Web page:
A bloody civil war ends slavery in America
This article is excerpted from the book “Free At Last: The U.S. Civil Rights Movement”, published by the Bureau of International Information Programs. View the entire ebook (PDF, 3.6 MB).
The issue of slavery and the status of black Americans eroded relations between North and South from the first days of American independence until the election of Abraham Lincoln to the presidency in 1860. Lincoln opposed slavery, calling it a “monstrous injustice,” but his primary concern was to maintain the Union. He thus was willing to accept slavery in those states where it already existed while prohibiting its further extension in the western territories. But white southerners considered Lincoln’s election a threat to their social order. Beginning with South Carolina in December 1860, 11 southern states seceded from the Union, forming the Confederate States of America.
For Lincoln and for millions of northerners, the Union was, as the historian James M. McPherson has written, “a bond among all of the American people, not a voluntary association of states that could be disbanded by action of any one or several of them.” As the president explained to his private secretary: “We must settle this question now, whether in a free government the minority have the right to break up the government whenever they choose.” Thus, as Lincoln made clear early in the war: “My paramount object in this struggle is to save the Union, and is not either to save or to destroy slavery. If I could save the Union without freeing any slave I would do it; and if I could save it by freeing all the slaves I would do it; and if I could save it by freeing some and leaving others alone I would also do that.”
But slavery drove the sectional conflict. As the brutal war wore on, many northerners grew more unwilling to abide slavery under any circumstances. Northern troops who came into firsthand contact with southern blacks often became more sympathetic to their plight. Lincoln also saw that freeing those slaves would strike at the Confederacy’s economic base and hence its ability to wage war. And once freed, the former slaves could take up arms for the Union cause, thus “earning” their freedom. For all these reasons, freeing the black slaves joined preserving the Union as a northern war aim.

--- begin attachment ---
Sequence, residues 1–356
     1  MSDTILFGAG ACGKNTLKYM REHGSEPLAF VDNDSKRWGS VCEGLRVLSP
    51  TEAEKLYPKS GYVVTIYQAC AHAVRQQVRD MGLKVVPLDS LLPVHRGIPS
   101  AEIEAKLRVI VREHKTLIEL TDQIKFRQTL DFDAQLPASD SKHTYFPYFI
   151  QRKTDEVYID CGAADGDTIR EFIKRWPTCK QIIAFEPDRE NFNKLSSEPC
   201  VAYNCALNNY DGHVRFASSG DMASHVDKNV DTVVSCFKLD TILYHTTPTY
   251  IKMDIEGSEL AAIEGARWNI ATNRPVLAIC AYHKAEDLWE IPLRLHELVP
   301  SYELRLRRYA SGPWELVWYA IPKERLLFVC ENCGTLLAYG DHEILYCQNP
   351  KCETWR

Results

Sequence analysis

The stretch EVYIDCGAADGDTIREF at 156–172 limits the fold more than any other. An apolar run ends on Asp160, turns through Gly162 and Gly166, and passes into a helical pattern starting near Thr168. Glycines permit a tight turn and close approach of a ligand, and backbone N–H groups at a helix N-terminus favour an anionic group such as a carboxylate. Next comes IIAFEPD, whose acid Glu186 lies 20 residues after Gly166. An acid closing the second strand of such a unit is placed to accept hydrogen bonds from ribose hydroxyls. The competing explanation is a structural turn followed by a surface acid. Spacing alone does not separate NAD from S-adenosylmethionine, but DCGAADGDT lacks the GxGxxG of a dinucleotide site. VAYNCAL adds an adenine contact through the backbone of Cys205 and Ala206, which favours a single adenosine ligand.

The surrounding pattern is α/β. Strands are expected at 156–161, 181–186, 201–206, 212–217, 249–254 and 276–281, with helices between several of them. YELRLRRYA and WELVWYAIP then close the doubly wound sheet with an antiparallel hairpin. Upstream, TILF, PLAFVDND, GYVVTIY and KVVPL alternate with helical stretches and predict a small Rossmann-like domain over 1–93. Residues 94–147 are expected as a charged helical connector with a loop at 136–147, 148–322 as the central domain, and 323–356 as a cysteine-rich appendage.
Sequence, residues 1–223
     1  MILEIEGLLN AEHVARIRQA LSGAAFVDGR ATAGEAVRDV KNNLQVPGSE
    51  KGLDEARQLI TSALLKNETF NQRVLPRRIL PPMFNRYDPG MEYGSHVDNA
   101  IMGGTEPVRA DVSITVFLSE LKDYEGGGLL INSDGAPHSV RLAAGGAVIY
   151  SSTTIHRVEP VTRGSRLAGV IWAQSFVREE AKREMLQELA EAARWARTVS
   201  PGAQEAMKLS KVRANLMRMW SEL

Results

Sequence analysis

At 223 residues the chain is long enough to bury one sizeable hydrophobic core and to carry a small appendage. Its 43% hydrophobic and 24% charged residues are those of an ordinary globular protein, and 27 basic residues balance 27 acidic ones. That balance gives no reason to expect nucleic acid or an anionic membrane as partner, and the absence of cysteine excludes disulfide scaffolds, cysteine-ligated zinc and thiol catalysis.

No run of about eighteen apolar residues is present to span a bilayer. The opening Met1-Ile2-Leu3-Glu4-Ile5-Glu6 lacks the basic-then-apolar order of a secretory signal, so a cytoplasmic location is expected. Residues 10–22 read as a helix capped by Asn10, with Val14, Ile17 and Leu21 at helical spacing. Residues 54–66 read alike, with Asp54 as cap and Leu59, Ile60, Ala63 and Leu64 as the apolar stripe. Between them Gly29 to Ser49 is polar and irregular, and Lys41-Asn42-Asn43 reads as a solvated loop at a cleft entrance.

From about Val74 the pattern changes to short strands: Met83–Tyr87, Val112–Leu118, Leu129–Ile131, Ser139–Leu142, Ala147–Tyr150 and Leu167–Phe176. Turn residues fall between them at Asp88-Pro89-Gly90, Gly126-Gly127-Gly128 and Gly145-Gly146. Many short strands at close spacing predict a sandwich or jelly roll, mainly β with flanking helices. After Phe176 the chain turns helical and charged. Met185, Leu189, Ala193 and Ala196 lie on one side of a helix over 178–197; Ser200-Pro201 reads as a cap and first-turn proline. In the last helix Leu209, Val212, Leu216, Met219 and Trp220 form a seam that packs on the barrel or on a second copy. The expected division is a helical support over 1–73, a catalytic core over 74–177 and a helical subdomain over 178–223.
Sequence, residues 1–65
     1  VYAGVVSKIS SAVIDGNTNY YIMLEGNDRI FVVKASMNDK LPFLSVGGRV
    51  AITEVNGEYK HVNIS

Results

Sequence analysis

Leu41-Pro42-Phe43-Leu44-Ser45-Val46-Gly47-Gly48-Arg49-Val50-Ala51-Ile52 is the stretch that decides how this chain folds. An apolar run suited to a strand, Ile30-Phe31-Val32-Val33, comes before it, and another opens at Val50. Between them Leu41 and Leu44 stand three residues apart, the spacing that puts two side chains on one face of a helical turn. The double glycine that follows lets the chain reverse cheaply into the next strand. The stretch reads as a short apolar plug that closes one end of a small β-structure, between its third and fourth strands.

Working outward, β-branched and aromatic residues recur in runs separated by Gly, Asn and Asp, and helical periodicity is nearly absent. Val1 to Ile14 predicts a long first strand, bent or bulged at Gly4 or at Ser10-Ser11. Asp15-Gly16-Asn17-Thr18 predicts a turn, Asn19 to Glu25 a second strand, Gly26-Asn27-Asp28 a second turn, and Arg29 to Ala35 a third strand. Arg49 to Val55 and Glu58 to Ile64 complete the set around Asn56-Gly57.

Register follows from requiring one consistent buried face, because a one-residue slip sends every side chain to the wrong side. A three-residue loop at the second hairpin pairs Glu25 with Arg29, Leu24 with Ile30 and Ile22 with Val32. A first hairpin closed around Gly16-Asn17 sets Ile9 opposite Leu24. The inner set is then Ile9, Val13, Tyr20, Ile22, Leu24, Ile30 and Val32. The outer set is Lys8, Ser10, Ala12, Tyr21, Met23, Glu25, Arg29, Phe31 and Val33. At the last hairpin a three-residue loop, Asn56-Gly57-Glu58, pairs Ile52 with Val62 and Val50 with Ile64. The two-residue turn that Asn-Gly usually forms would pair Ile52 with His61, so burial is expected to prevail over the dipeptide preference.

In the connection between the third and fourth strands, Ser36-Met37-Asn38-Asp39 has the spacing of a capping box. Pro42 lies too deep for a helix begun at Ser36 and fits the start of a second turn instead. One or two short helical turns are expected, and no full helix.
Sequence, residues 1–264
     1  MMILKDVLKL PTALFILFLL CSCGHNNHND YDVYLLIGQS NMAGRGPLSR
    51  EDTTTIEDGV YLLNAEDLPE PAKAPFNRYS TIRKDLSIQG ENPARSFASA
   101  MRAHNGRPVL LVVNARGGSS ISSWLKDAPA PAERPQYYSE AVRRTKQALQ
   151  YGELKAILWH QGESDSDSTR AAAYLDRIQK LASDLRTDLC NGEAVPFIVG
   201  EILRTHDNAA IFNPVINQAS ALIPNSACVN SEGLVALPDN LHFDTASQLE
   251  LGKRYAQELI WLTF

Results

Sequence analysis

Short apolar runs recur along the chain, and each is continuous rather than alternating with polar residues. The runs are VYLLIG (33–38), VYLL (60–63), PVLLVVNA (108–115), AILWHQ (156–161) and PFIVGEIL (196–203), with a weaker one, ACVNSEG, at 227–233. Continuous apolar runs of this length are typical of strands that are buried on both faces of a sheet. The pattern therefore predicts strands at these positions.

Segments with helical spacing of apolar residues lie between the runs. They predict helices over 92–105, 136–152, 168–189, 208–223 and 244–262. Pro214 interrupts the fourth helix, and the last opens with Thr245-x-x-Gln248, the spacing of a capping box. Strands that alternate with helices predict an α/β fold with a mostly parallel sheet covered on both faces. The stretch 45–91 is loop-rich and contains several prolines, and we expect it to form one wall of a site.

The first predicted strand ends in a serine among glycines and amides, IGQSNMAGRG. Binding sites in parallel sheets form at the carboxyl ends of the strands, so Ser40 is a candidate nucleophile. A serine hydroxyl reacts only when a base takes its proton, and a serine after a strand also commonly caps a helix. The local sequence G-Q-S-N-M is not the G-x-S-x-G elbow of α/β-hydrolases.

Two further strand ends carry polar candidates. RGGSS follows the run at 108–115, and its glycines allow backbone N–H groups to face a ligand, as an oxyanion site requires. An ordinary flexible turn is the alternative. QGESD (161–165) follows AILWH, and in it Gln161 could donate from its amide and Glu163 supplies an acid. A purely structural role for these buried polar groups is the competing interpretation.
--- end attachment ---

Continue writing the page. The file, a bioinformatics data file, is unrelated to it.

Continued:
Lincoln’s Emancipation Proclamation, effective January 1, 1863, declared all slaves in the rebellious states “thenceforward, and forever free.” As he signed the document, Lincoln remarked that “I never, in my life, felt more certain that I was doing right, than I do in signing this paper.”
The future African-American leader Booker T. Washington was about seven years old when the Emancipation Proclamation was read on his plantation. As he recalled in his 1901 memoir Up From Slavery:
As the great day drew nearer, there was more singing in the slave quarters than usual. It was bolder, had more ring, and lasted later into the night. Most of the verses of the plantation songs had some reference to freedom. … Some man who seemed to be a stranger (a U.S. officer, I presume) made a little speech and then read a rather long paper — the Emancipation Proclamation, I think. After the reading we were told that we were all free, and could go when and where we pleased. My mother, who was standing by my side, leaned over and kissed her children, while tears of joy ran down her cheeks. She explained to us what it all meant, that this was the day for which she had been so long praying, but fearing that she would never live to see.
As a condition of regaining their congressional representation, the seceding states were obliged to ratify the Thirteenth, Fourteenth, and Fifteenth Amendments to the U.S. Constitution. These “Reconstruction Amendments” abolished slavery, guaranteed equal protection of the law — including by the states — to all citizens, and barred voting discrimination on the basis of “race, color, or previous condition of servitude.” The years following the Civil War thus established the legal basis for guaranteeing African Americans the civil rights accorded other Americans. Shamefully, the plain meaning of these laws would be ignored for nearly another century, as the politics of sectional compromise again would trump justice for African Americans.